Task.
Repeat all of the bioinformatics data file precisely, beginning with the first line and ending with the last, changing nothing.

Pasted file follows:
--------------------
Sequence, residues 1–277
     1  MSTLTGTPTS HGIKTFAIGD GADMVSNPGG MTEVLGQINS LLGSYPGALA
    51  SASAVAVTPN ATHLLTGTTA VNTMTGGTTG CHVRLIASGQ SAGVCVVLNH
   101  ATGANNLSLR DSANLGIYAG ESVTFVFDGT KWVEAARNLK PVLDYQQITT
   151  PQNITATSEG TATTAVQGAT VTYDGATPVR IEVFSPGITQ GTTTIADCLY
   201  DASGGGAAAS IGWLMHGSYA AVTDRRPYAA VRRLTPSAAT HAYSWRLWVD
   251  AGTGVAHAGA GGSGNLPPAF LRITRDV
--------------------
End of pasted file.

Sequence, residues 1–277
     1  MSTLTGTPTS HGIKTFAIGD GADMVSNPGG MTEVLGQINS LLGSYPGALA
    51  SASAVAVTPN ATHLLTGTTA VNTMTGGTTG CHVRLIASGQ SAGVCVVLNH
   101  ATGANNLSLR DSANLGIYAG ESVTFVFDGT KWVEAARNLK PVLDYQQITT
   151  PQNITATSEG TATTAVQGAT VTYDGATPVR IEVFSPGITQ GTTTIADCLY
   201  DASGGGAAAS IGWLMHGSYA AVTDRRPYAA VRRLTPSAAT HAYSWRLWVD
   251  AGTGVAHAGA GGSGNLPPAF LRITRDV